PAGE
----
Aamir Khan (as "Raj") makes his entrance to the film shortly after the backstory is told, in the vibrant song "Papa Kehte Hain"(Ironically enough, baby Imran Khan is seen first in the film as the young Raj). Babyfaced and charming, I saw Aamir in a whole new light here--I'd always found him attractive, sure, but in a sort of intelligent, smarty pants way. Here he's just a total heartthrob, plain and simple!
But don't let Aamir's daisy dukes fool you--he was just as talented then as he is now. A natural screen presence, his Raj was the "perfect" hero; Sweet and senstive yet strong and protective. And although Aamir's talent was obvious to the viewer, it seemed somewhat unapparent to Aamir himself; A glimpse of a more naive version of the actor, perhaps, before he unevitably realized just how good he was (I'm not saying anything negative about the man--I'm just saying he didn't seem to have any idea how big he would become, and it was endearing to see him when he was somewhat "untouched" by fame).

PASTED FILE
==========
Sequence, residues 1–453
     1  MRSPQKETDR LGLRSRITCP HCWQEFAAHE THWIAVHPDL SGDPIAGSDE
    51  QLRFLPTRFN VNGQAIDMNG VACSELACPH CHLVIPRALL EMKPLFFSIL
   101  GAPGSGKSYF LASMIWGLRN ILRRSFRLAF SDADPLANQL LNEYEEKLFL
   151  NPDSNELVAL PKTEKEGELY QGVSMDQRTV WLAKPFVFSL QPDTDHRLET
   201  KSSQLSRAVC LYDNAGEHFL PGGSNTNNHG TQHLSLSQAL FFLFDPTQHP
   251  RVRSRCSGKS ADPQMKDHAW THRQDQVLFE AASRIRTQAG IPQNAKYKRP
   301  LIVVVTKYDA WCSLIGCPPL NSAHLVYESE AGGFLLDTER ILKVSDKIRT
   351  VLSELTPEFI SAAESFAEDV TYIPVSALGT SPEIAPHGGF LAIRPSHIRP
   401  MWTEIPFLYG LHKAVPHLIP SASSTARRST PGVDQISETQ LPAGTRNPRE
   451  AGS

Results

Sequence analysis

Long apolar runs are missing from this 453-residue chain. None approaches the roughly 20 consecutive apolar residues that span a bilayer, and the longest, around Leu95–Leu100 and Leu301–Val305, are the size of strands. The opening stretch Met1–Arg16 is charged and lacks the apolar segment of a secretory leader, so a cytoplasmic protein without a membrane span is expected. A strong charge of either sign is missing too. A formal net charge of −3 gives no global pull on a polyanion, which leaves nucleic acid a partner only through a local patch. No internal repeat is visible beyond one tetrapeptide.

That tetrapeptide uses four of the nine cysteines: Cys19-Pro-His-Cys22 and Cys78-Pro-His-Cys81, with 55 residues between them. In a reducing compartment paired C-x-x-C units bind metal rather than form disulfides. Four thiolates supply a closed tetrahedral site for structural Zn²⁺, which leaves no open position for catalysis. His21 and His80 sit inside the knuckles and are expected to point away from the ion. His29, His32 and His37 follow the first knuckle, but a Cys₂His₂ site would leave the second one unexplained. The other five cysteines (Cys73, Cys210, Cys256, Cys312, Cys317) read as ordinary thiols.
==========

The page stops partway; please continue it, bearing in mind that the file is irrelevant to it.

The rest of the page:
So I'd never considered myself a Juhi Chawla fan, and still don't, exactly, but...well, I can see why men all over were smitten with this actress after QSQT. Though her character annoyed me at first, there was something different and special about Rashmi which grew on me as the film went on. For one, she was kind of flighty, but as I got to know her, I realized this was genuine to her character and not just a ploy to look cute. Further, her love and devotion to Raj was adorable-As the Bollywood Fan pointed out, she won the hearts of many with her debut as a heroine.